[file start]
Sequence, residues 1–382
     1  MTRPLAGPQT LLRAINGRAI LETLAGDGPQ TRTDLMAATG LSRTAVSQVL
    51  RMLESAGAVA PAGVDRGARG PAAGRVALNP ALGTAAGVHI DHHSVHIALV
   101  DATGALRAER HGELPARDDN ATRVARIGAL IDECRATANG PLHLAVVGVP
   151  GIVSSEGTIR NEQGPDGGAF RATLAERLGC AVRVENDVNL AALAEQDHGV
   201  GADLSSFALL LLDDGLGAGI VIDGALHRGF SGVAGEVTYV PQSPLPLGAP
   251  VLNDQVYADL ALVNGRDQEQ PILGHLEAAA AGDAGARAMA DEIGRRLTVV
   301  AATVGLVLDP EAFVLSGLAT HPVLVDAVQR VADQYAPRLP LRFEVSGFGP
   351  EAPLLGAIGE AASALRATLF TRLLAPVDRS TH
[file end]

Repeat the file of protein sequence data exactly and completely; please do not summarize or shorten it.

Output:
Sequence, residues 1–382
     1  MTRPLAGPQT LLRAINGRAI LETLAGDGPQ TRTDLMAATG LSRTAVSQVL
    51  RMLESAGAVA PAGVDRGARG PAAGRVALNP ALGTAAGVHI DHHSVHIALV
   101  DATGALRAER HGELPARDDN ATRVARIGAL IDECRATANG PLHLAVVGVP
   151  GIVSSEGTIR NEQGPDGGAF RATLAERLGC AVRVENDVNL AALAEQDHGV
   201  GADLSSFALL LLDDGLGAGI VIDGALHRGF SGVAGEVTYV PQSPLPLGAP
   251  VLNDQVYADL ALVNGRDQEQ PILGHLEAAA AGDAGARAMA DEIGRRLTVV
   301  AATVGLVLDP EAFVLSGLAT HPVLVDAVQR VADQYAPRLP LRFEVSGFGP
   351  EAPLLGAIGE AASALRATLF TRLLAPVDRS TH